In this exhibition, it seems that the young New York artist Ricci Albenda has transformed the entire gallery into a single living, breathing organism. Humans entering the space appear to interrupt its natural functions, like an animal standing silent and frozen, blinded by a passing car's headlights.
Albenda has carved a number of holes and tunnels into the white walls of the gallery and added plaster appendages that jut dramatically into the space. Embedded in the walls here and there are black letters painted on
aluminum panels. They spell out words such as "kilogram," "breathe," "yellow," "stereo" and "ice." Painted in bold, rounded script like super-graphics from the psychedelic '60s, the words seem indicative of moods, sounds or feelings rather than any specific messages or meanings.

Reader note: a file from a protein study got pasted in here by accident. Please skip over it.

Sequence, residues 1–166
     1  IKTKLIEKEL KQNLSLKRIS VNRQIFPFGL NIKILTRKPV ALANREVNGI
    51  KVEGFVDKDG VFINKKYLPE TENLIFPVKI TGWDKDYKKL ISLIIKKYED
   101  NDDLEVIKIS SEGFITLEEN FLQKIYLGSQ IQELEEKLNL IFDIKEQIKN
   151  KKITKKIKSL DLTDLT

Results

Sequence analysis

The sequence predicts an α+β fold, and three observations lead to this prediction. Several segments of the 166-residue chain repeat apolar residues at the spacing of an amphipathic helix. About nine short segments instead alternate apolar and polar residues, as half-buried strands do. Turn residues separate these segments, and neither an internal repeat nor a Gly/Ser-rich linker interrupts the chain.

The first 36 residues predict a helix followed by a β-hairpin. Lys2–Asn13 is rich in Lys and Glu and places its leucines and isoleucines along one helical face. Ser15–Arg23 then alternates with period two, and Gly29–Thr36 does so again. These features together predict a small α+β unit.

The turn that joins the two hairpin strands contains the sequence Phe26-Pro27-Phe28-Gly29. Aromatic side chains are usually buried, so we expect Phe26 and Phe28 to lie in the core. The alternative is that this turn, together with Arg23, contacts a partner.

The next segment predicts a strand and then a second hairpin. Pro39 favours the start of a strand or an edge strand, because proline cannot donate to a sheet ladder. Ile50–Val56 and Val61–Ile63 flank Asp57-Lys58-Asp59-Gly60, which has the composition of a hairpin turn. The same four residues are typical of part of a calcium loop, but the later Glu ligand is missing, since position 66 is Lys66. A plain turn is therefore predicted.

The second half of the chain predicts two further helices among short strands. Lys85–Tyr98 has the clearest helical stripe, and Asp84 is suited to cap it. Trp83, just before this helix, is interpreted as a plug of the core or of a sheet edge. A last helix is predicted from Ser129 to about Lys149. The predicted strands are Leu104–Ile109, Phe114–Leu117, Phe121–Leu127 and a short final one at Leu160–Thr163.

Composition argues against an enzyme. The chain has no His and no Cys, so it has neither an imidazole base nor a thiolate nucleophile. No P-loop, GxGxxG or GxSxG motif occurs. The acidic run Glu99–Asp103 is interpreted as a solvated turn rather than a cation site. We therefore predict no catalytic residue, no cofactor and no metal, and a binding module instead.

This elaborate yet subtle installation is also a kind of topological experiment. Albenda appears to fold and bend the space of the gallery so that, with a wild leap of the imagination, visitors making their way through the show may find a passageway to another dimension. In this sense, Albenda has transformed the gallery into a kind of vehicle, a means of transport to who knows where.
Ricci Albenda, Mar. 7-Apr. 4, 1998, at Andrew Kreps, 529 West 20th Street, New York, N.Y. 10011
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